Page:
Business requirements for web application monitoring and  load testing as a means for ongoing performance measurement and tuning have become more rigorous over the past several years.

Load testing is the process of analyzing software applications and supporting infrastructures to determine acceptable performance, scalability, capacity and transaction handling capabilities by modeling real-world application usage conditions and executing them against the application and supporting infrastructure under test.

Measurements derived with load testing tools should provide a clear understanding of where website performance bottlenecks reside and aid in infrastructure and capacity planning of computing resources.

When derived from meaningful load tests, results serve as a guide to helping IT staff make informed decisions about the performance of their applications and infrastructures. Accurate and realistic load tests are the best indicator of how well any business system is able to service its customers in real-world scenarios.

August 23, 2010 Posted by | Web Load Testing | , , , , | Leave a comment

Web performance management with the right metrics

Inaccurate data undermines the effectiveness of any program of systematic web performance management and causes performance-tuning skills and resources to be applied in ways that are not optimal. It can also lead to unproductive interdepartmental conflicts and disputes over service-level agreements with internal or external service providers.

Website performance management activities depends crucially on an organization’s ability to gather and report meaningful, timely, and accurate measurement data with the focus on the right metrics.

Application utility is tied to user behavior, which is driven by the clarity of the site, the design of the user interface, and the responsiveness of interactions between client and server components.

Read more on Web Application Monitoring solutions.

August 9, 2010 Posted by | Website Performance | , , | Leave a comment

Monitoring the last mile

The Internet is being reinvented, morphing into a medium capable of delivering extremely interactive and rich experiences. While this
next wave of Web sites and experiences holds significant promise in terms of customer retention, interaction, and revenue growth, it also poses new challenges.

A poor online experience translates directly to less satisfied users, poorer brand perception, and higher costs. The combination of new technology and higher user expectations creates significant challenges to managing the online experience.

Measuring and monitoring website and Web applications on a timely, incremental basis throughout the day using agent-based web  monitoring in realistic yet consistent scenarios continues to be the most popular andviable form of monitoring.

Read more about monitoring transactions in the last mile.

July 15, 2010 Posted by | website monitoring | , | Leave a comment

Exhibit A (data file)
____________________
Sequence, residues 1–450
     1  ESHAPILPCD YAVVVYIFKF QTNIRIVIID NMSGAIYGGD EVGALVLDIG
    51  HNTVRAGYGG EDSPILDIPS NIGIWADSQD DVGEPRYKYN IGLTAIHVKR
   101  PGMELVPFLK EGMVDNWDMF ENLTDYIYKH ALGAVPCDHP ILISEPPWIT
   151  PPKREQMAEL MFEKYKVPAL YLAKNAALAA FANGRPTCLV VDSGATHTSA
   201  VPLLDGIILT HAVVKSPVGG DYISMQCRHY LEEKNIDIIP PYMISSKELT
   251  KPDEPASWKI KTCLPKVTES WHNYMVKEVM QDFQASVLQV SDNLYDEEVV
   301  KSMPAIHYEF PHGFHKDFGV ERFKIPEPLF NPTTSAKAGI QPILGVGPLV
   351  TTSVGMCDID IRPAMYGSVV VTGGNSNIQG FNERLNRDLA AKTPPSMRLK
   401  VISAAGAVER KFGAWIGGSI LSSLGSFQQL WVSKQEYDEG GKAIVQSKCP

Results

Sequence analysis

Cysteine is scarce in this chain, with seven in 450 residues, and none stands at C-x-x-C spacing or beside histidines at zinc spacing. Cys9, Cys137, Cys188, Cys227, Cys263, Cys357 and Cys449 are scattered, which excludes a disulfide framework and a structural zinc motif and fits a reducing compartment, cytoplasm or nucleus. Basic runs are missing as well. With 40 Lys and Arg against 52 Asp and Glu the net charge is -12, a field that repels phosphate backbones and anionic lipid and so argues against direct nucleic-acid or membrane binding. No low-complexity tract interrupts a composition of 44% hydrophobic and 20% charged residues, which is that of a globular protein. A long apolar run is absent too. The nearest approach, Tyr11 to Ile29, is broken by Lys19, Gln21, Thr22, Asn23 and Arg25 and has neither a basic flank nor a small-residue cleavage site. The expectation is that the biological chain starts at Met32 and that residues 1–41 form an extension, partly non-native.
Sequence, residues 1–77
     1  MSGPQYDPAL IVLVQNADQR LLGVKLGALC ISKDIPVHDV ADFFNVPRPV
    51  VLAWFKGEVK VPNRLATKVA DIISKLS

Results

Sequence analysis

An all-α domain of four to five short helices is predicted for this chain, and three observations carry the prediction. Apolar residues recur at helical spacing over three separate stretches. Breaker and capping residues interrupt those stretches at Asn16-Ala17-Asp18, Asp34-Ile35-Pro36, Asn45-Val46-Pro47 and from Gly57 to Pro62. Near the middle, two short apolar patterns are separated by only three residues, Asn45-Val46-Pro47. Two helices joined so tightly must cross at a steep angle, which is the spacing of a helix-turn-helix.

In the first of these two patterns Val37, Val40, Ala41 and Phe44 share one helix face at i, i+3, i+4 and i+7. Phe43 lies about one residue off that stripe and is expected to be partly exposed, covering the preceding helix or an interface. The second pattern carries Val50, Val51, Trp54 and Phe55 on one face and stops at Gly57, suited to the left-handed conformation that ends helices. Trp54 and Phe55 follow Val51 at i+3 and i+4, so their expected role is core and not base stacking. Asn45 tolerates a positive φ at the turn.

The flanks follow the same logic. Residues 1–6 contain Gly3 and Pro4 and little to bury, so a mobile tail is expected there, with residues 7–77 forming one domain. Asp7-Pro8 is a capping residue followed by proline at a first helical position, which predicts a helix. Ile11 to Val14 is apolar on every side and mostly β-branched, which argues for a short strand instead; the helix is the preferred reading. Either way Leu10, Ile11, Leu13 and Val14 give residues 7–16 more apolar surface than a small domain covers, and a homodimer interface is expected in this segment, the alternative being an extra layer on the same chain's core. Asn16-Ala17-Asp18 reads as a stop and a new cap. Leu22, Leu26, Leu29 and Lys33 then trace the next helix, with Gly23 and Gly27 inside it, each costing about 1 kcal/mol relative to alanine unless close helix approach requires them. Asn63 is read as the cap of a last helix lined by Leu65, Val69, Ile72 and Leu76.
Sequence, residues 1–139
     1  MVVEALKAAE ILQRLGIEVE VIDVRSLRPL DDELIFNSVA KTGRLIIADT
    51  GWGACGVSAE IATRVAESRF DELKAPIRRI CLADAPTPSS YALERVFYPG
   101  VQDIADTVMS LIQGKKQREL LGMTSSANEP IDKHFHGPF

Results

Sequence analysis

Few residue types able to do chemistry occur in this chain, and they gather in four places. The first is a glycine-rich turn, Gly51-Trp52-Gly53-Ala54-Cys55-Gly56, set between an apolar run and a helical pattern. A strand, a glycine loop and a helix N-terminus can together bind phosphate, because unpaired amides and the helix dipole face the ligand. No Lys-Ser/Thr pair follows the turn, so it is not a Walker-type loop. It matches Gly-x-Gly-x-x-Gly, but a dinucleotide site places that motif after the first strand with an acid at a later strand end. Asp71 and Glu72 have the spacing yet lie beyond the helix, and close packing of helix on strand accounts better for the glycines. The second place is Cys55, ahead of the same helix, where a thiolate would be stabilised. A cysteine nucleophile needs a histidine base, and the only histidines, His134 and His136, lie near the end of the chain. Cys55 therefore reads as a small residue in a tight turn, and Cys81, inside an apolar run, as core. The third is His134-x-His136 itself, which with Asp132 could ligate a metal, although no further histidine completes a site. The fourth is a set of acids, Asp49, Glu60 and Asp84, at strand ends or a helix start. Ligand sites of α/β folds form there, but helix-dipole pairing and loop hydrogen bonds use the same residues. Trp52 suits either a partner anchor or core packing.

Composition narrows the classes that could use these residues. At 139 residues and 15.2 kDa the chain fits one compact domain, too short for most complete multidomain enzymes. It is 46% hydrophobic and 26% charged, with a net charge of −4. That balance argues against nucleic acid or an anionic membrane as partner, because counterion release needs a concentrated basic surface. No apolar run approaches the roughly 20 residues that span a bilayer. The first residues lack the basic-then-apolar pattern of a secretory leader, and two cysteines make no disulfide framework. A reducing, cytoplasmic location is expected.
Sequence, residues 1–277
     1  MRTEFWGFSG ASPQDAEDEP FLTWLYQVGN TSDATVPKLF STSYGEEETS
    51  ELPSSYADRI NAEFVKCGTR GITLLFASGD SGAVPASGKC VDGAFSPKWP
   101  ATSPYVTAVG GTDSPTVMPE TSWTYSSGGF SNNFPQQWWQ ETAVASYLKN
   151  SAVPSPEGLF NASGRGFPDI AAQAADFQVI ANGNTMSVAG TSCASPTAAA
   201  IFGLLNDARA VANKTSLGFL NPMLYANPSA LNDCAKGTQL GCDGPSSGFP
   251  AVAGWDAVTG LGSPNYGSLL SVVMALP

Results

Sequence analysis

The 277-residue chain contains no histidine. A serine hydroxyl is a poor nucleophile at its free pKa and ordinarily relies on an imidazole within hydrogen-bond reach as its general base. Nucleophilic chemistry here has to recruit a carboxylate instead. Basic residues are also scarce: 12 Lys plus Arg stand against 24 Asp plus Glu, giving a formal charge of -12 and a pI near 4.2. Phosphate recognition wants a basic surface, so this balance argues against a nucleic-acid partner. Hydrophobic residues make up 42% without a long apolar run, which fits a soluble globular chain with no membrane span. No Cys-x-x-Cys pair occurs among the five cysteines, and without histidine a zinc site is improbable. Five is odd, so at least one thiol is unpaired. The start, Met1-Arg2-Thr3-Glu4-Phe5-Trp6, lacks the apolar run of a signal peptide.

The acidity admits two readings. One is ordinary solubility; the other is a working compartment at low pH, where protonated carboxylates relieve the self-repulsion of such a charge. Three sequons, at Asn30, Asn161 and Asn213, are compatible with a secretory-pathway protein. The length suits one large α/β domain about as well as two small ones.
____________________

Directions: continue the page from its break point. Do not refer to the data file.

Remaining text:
The Challenge With Website Performance

In most cases a users impression is built on how fast your site loads. Modern websites not only need to perform well, but need to possess the rich features of the web 2.0 world. With a focus of having rich features of java, flash and java-script libraries, you still need to have a high performing website. With the ever improving web 2.0 technologies our web pages have got more rich and diverse. It is definitely a challenge for the engineers to maximize web site performance.

Web pages have gotten more complex and heavier with all the media and site components. Evolution in the area of web performance is fast and complex with these changes, it is quite challenging to track your website in terms of loads and performance. There are always interaction with the java scripts, css and web applications and these days with a lot of focus being on the front end architecture of websites, transaction monitoring and web application monitoring are some of the main areas of focus for businesses.

May 20, 2010 Posted by | Web Monitoring | , , , | Leave a comment

Real Browsers, do they really matter?

Website Performance Monitoring is a discipline for IT operations and Ecommerce business management teams that includes both operational
monitoring and end-user experience monitoring.

Operational Monitoring helps operations teams implement dependable end to-end performance monitoring for critical Web applications as a turn-key service, and is achieved with high-frequency application monitoring that detects response time and availability issues in real time.

End-user Experience Monitoring is the domain of both operations teams and performance analysts, who need to most accurately measure the performance of critical Web transactions, including those involving interactive Flash, from the true end user’s perspective. This gives full visibility into the user’s experience by providing real browser measurements of the responsiveness and availability of RIAs.

Source : Web application monitoring

March 2, 2010 Posted by | website monitoring services | , | Leave a comment

Web performance through RIA measurement

Two main reasons for measuring the web performance of a distributed application are to determine how quickly users can achieve their goals, and to discover how a system behaves under increasing load. The first focuses directly on the users’ experience, the second investigates underlying server behaviors that, in turn, will determine what users experience.

Measurement usually focuses on the user’s experience or on the system’s behavior. Despite differences, these two classes of measurement activity share many technical problems. Measurement activities and tasks may focus on a variety of possible sub-goals.

Know more on application performance testing at Keynote.

February 24, 2010 Posted by | web application monitoring | , , , | Leave a comment